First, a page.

Lexington-based PowerTech Water, part of the inaugural Pipeline H2O class, formed to commercialize a water treatment technology developed at the University of Kentucky.
“We are looking forward to exploring Pipeline’s strong network and plugging into the ‘city as lab’ model to further test and validate our systems,” says Cameron Lippert, CEO of PTW.
Cameron Lippert, CEO of PTWThe water purification system developed by PTW removes dissolved salts, minerals and metals such as sodium, calcium and lead from water supplies through de-ionization. Its proprietary system runs water through stacks of porous carbon and titanium plates where carbon electrodes remove the ions, cleaning the water as it moves through the system.
“Our system uses low energy, and has no filters to replace,” Lippert says. “The technology requires less maintenance, requires no anti-foulant chemicals, has a long lifetime and therefore will have substantially lower capital and operational costs than competing solutions.”
PTW is in the process of scaling up its module to be able to process one gallon of water per minute. The startup is also continuing to partner with the University of Kentucky.
“We have access to the scientist and engineers that developed the IP to answer any technical questions we may have, and if need be, we have access to lab space and instrumentation,” Lippert says.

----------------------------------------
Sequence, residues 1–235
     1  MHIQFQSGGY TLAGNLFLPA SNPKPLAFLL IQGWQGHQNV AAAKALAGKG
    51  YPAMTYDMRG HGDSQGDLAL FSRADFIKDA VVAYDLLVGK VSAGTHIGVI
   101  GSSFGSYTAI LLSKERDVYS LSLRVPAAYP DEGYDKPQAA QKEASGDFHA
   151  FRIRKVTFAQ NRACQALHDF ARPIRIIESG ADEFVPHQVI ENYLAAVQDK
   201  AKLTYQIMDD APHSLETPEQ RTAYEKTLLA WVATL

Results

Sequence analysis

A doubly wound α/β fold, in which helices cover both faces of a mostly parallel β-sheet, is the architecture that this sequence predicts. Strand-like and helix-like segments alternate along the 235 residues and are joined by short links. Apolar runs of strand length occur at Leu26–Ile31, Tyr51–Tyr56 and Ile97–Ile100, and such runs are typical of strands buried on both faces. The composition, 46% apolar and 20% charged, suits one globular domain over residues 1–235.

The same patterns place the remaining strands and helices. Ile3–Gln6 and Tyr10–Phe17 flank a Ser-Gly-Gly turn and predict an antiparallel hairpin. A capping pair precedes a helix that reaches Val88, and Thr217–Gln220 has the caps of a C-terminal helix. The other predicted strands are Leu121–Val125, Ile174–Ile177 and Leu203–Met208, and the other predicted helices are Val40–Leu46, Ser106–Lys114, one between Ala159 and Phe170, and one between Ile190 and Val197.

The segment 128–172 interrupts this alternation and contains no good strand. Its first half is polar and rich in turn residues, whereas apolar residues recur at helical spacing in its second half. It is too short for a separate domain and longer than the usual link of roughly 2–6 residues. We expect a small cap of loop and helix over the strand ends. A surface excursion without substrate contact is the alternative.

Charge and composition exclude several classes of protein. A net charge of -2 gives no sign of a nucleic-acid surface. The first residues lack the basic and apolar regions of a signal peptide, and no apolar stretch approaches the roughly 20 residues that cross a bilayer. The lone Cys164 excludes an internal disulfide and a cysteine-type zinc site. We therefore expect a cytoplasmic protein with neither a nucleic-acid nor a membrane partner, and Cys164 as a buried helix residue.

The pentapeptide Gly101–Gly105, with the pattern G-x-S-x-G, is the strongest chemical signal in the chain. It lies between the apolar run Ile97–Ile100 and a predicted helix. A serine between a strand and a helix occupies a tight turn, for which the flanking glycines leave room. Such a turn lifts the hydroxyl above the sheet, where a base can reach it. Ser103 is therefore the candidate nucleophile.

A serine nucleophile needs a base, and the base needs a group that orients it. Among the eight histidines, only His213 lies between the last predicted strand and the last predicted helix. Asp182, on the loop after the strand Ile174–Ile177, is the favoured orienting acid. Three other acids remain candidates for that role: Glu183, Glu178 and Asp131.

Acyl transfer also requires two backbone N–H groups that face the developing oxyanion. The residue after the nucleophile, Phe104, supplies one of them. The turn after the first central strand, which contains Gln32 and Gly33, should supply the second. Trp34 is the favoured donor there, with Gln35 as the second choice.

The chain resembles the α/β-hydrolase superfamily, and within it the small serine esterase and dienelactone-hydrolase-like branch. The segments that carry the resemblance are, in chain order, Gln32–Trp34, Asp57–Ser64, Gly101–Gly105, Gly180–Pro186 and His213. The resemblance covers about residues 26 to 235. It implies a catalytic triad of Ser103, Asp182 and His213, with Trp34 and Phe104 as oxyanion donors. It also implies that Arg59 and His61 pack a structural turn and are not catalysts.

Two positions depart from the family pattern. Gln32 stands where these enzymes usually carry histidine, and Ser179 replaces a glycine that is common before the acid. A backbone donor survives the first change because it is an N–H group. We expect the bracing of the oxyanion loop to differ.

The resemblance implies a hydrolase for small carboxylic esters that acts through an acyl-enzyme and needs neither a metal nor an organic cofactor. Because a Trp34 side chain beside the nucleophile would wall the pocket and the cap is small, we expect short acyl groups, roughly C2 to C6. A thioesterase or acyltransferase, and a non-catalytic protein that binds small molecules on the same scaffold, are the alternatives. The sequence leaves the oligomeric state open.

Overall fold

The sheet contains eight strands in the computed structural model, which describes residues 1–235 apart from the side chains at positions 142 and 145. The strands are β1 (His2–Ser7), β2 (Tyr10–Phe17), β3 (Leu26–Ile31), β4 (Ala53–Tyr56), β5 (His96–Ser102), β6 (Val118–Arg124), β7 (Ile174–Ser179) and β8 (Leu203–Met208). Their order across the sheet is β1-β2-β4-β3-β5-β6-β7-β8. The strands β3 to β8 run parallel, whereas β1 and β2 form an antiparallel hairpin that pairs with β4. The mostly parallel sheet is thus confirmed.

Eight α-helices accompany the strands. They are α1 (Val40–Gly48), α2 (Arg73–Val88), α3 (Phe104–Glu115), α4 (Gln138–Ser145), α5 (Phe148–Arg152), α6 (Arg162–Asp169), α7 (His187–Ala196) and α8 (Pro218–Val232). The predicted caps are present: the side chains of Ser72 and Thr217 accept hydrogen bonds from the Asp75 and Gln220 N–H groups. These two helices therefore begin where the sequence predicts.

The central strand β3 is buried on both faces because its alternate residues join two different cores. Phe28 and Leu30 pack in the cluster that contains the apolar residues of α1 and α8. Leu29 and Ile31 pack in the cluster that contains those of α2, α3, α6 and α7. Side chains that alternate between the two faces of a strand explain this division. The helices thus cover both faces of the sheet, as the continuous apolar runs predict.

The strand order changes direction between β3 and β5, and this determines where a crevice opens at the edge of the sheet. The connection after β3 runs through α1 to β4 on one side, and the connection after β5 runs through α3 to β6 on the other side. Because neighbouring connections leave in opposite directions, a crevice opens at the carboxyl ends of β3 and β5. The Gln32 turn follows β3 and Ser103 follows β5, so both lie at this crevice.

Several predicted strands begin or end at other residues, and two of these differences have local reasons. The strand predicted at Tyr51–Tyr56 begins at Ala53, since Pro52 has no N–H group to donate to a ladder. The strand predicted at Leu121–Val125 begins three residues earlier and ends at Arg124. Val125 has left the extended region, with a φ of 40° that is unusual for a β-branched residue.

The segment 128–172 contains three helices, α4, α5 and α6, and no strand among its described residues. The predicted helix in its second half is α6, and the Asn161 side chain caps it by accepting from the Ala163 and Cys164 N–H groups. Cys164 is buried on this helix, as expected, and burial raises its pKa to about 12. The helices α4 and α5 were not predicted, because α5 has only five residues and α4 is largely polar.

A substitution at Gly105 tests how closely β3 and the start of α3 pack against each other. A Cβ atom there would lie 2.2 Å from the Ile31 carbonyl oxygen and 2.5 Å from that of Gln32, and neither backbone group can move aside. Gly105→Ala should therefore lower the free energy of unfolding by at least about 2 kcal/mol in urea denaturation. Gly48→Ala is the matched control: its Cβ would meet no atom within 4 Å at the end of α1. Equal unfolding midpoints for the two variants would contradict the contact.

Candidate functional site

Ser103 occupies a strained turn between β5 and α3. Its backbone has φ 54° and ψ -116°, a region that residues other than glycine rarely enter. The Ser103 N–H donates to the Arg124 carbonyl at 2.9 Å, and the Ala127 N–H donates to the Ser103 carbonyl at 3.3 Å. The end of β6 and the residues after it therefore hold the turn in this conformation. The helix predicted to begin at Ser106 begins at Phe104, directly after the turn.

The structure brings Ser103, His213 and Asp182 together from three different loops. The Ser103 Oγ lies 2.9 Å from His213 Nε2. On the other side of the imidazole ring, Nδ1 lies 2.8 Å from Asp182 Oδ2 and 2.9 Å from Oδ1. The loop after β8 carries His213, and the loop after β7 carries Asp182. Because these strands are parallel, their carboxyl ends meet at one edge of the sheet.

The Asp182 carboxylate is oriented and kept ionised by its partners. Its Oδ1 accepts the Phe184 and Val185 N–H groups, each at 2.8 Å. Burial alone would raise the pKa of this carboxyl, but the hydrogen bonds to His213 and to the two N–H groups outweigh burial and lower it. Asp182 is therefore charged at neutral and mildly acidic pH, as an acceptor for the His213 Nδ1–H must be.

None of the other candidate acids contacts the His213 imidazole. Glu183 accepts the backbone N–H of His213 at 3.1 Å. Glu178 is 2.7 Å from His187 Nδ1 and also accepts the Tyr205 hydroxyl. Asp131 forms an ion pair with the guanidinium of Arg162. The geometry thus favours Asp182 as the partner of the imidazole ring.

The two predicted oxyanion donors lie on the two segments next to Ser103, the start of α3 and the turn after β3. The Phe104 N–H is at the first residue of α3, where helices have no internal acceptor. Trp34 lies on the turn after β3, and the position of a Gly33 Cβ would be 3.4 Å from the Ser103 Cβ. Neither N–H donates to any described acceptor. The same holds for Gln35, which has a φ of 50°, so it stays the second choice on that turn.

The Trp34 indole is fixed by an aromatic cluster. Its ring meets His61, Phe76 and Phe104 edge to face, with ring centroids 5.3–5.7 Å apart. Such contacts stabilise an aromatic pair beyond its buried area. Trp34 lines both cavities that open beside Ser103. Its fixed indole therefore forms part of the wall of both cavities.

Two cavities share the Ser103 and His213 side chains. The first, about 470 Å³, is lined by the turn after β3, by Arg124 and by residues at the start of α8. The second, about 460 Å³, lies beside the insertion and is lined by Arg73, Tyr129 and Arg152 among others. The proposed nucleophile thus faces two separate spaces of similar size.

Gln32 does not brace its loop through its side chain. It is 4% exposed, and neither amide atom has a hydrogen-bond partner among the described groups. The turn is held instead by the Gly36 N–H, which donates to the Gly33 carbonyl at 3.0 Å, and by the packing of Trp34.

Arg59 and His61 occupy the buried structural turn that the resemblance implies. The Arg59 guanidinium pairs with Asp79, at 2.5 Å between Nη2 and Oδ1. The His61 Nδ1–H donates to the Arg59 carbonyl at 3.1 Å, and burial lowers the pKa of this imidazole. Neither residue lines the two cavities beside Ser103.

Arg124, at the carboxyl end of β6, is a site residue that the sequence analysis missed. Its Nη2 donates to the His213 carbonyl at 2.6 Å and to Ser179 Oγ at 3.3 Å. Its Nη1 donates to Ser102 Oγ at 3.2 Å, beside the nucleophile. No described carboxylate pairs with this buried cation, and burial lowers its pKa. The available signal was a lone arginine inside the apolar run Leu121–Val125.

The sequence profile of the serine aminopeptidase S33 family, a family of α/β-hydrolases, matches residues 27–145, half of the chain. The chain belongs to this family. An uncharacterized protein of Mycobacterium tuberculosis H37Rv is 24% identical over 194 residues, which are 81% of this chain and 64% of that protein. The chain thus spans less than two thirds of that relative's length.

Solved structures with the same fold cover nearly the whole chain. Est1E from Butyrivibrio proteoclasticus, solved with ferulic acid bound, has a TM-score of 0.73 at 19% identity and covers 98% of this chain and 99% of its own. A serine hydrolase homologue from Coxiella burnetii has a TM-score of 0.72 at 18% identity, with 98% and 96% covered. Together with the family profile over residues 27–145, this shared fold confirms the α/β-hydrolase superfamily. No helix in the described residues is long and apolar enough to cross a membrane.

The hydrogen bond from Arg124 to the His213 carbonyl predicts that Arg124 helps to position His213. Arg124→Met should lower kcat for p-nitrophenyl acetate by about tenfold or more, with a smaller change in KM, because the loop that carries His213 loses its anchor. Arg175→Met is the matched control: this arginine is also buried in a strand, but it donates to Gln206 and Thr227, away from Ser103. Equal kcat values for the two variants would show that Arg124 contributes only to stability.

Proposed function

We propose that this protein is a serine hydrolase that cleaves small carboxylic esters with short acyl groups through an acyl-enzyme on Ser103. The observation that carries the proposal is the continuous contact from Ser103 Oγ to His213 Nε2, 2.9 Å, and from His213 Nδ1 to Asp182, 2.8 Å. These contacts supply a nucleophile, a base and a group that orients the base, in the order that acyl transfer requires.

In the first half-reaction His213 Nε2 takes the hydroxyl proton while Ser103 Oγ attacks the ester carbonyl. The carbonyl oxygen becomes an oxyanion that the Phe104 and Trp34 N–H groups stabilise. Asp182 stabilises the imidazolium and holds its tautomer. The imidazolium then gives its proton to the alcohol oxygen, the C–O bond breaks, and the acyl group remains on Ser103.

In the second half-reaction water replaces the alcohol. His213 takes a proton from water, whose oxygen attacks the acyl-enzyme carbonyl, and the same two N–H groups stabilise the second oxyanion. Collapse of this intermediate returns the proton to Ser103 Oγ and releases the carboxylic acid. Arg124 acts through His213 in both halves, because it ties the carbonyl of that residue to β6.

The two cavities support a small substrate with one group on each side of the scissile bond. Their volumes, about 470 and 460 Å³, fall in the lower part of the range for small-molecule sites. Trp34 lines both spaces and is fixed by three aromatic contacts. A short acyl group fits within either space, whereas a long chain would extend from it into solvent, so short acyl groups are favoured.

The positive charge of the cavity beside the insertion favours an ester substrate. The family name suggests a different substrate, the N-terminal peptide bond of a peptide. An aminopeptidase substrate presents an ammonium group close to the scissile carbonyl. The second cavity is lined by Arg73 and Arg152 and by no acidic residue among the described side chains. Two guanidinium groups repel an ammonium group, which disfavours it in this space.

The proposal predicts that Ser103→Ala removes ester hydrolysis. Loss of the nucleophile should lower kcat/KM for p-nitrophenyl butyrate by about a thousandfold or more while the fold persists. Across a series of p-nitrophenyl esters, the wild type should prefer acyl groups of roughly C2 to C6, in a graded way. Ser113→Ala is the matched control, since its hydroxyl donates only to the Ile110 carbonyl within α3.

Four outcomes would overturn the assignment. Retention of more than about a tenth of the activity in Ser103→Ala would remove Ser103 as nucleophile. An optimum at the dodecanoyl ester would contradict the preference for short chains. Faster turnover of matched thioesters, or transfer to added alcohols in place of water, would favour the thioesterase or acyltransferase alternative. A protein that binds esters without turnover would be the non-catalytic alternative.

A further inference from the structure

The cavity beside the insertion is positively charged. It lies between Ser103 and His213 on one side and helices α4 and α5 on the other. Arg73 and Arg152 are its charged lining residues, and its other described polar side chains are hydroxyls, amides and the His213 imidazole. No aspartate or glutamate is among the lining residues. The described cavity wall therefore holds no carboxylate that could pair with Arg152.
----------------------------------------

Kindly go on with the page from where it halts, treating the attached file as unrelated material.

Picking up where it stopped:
The carbon electrode system can be used to clean water for disposal after being used in industrial processes, as well as reclaim water for re-use. In addition, the process is reversible and the system itself is renewable, providing significant cost savings in energy usage and replacing filters.
“We achieve a lower cost of treatment without the use of added chemicals, membranes or consumables, yielding a 60 percent reduction in cost, a 70 percent reduction in energy consumption, a 90 percent reduction in maintenance time and a 40 percent increase in water efficiency,” Lippert says.
Currently, PTW is targeting clients in the food and beverage industry, particularly distilleries and beverage bottlers.
“We are actively producing commercial prototypes that are being tested by potential customers for pilot and demo testing,” Lippert says. “Meanwhile, we are looking for pilot customers and strategic partners that can help reduce the time it takes to get to market.”
In addition to PTW, the Pipeline cohort includes two other water purification systems, Searen and WEL Enterprise.
“We are talking with both parties to see if we can all do a pilot together,” Lippert says. “Searen targets solids and VOCs, not dissolved solids or ions, and WEL is more of an engineering firm that installs technologies.”
Like several other cohort members, PTW is only on site in Hamilton each month during the week of classes and programming. Pipeline cohort members are then given assignments to work on during their time away from the program.
“Luckily the homework for Pipeline aligns well with the needed duties of running a startup,” Lippert says. “So it is a complementary process.”
Read profiles of other Pipeline members Searen, ANDalyze, kW Hydroelectric and WaterStep International.